INTERVIEW: Bert Kreischer on Fully Loaded comedy festival and a weight-loss challenge he turned down

1/28/20 1:35:43 PM -- Los Angeles, CA

Bert Kreischer portrait session

Photography: Todd Rosenberg Photography
Hair and Makeup by Tara Nery (TaraMascara)
Styling: Jennifer May Nickel

© Bert Kreischer 2020

Credit: Todd Rosenberg Photography

Combined ShapeCaption
1/28/20 1:35:43 PM -- Los Angeles, CA Bert Kreischer portrait session Photography: Todd Rosenberg Photography Hair and Makeup by Tara Nery (TaraMascara) Styling: Jennifer May Nickel © Bert Kreischer 2020

Credit: Todd Rosenberg Photography

He and his friends will be at the Coolray Field show June 25.

Stand-up comic Bert Kreischer during the pandemic actually got a kick out of doing drive-in shows in the open air.

“I really enjoyed the outdoor spaces,” he said in an interview with The Atlanta Journal-Constitution. “I enjoy going out in the summer and being outdoors.”

He hunted down unusual open venues including minor-league stadiums. Coolray Field in Lawrenceville became a stop for the Fully Loaded Comedy Festival coming Saturday, June 25. (Tickets start at $49.75.)

“I love baseball,” he said. “I played baseball my whole life. I’ve booked eight stadiums.”

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This tour also gave Kreischer an excuse to hang out with his comedy friends. “We sit around and make each other laugh,” he said. “And everyone just roasts me. I’m an easy target. I’m oblivious to most things.”

In each city, they do something fun. In Bend, Indiana, they visited Notre Dame. In Louisville, Kentucky, they checked out Churchill Downs. In Atlanta, he’ll be with Nikki Glaser, Mark Norman and Big Jay Oakerson but as of the interview, he wasn’t sure what they planned to do.

“Why tour and just sit in your hotel room?” he said. “I want to go out and have fun!” (He may be older but fun has preceded him. He was profiled in Rolling Stone magazine in 1997 as an uber party man at Florida State University, an article that inspired the film “National Lampoon’s Van Wilder” in 2002 starring Ryan Reynolds.)

This tour, he said, “is a labor of love for me.” He isn’t really paying himself but providing his friends market rate appearance fees, gift bags, tour buses and private jet travel.

How is he able to get away with this? Netflix has compensated him handsomely for four specials so far. “They are subsidizing my entire life,” he said. “I don’t know where I’d be without them. And they always have your back as an artist.”

Kreischer, who grew up in Florida, has Georgia ties via his wife LeAnn, who grew up in Bowdon (population: 2,685 in 2020). They named one of their daughters Georgia. LeAnn, when not in Los Angeles, stays at a lake house in Carroll County.

“She raises chickens,” he said. “She’ll wake up early to make biscuits with sorghum syrup for the girls. She’s forever a small-town chick. You can take the redneck out of Bowdon but you can’t take Bowdon out of the redneck.”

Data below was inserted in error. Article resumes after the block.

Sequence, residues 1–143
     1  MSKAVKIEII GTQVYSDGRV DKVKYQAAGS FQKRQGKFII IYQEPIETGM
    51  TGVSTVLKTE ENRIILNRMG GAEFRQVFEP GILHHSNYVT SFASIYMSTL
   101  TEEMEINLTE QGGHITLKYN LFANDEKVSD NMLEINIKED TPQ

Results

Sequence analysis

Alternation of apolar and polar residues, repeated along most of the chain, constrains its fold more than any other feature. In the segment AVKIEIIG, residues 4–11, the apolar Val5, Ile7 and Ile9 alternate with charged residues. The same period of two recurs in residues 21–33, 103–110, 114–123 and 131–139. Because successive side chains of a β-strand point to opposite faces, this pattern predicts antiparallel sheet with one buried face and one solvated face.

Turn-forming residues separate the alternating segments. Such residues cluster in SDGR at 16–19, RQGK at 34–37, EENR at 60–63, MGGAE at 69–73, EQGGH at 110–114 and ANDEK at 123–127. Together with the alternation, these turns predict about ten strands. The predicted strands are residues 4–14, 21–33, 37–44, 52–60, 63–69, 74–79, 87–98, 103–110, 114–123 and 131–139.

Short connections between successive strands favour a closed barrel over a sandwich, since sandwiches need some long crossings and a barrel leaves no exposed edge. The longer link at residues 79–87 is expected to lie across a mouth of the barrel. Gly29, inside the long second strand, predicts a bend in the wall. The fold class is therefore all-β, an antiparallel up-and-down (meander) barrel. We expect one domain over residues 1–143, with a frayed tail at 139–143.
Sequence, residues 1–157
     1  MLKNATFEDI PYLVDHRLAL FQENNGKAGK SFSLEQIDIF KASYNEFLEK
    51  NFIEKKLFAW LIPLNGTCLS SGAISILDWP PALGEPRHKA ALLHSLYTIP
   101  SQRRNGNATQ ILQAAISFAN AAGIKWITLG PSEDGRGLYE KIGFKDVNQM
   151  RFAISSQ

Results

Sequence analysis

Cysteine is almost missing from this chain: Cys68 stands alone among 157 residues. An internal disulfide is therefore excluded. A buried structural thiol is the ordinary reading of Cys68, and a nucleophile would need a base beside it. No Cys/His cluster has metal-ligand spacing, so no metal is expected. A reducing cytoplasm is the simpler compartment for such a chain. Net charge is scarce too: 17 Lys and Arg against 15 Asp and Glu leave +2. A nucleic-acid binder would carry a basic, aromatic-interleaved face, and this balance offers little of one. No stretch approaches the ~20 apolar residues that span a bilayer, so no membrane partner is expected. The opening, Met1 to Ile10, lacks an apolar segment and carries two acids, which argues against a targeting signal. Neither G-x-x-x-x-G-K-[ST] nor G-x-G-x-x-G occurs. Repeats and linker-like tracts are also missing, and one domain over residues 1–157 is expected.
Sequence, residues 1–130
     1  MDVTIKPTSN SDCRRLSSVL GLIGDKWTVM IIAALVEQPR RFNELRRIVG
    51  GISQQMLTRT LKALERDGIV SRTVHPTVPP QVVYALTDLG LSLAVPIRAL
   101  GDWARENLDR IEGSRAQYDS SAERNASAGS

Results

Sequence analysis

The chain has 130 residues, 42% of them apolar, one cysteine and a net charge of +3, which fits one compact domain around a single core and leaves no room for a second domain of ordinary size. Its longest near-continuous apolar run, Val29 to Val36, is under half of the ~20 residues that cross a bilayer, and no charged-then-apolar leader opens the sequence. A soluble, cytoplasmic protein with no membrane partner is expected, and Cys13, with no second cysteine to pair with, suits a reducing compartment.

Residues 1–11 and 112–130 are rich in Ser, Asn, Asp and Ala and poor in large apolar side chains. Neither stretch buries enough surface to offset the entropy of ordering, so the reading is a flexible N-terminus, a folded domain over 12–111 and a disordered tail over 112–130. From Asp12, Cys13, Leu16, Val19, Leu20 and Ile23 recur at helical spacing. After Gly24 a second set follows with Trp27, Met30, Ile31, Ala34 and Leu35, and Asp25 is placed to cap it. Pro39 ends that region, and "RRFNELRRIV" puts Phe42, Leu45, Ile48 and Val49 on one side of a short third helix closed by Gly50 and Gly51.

Last summer, Kreischer finished shooting a movie “The Machine,” based on a story from 1995 when he said he supposedly robbed a train in Russia with the Russian Mafia. It’s a comedy bit that led his fans to nickname him “The Machine.”

Like Will Ferrell, 49-year-old Kreischer enjoys going around topless whenever he can despite (or because of) his generous beer belly. “My body is falling apart,” he said. “I just started working out. Hard. I had surgery on my elbow. I did my own stunts in the movie. I tackled a dude down a flight of stairs and tore my triceps. I’m a year from surgery. I can now bench press my personal best. I’m back 100%.”

He said fellow comic and podcast king Joe Rogan once offered him $200,000 to drop below 200 pounds and keep the weight off for a year. He turned it down. “I didn’t want to sit down to eat and always have Joe Rogan in my head. I couldn’t do it,” he said.

Would he have done it for $2 million? Maybe. “Ten million dollars in a heartbeat!” he said.

The challenge is his inordinate love for food, which he brings up often on his podcasts, notably “Bertcast” and “2 Bears, 1 Cave with Tom Segura and Bert Kreischer.”

His latest obsession is pasta carbonara. “I’ve been eating it for breakfast,” he said. “It has bacon, egg and cheese!”

He said podcasts came along at the right time for his skill set: talking. A lot. “I can go three hours, no problem,” he said. “Thank goodness I am friends with really smart people who got me to do a podcast. My first paycheck from ad sales was more than I was making hosting a show on the Travel Channel. We don’t pay managers, agents or lawyers. There is no overhead.”

His original podcast set up cost all of $800 in equipment, he said.

And he can do whatever he wants on his podcast. He can interview his fellow comics or historians or his dad. He has experimented with different formats. One time, he tried an idea where he’d review all the tabs on his Internet browser. That worked well. Another time, he entered a Starbucks with a recorder and tried to eavesdrop on people. That bombed.

“You find out from fans pretty quickly if something works or not,” he said. “When you fail, the fans laugh over the failure, not at you.”

The only downside of all his yapping: “I’ve burned material in podcasts that would have been great on stage.”

IF YOU GO

Fully Loaded Comedy Festival

7 p.m. Saturday, June 25. $49.75, Coolray Field, One Braves Ave., Lawrenceville. ticketmaster.com.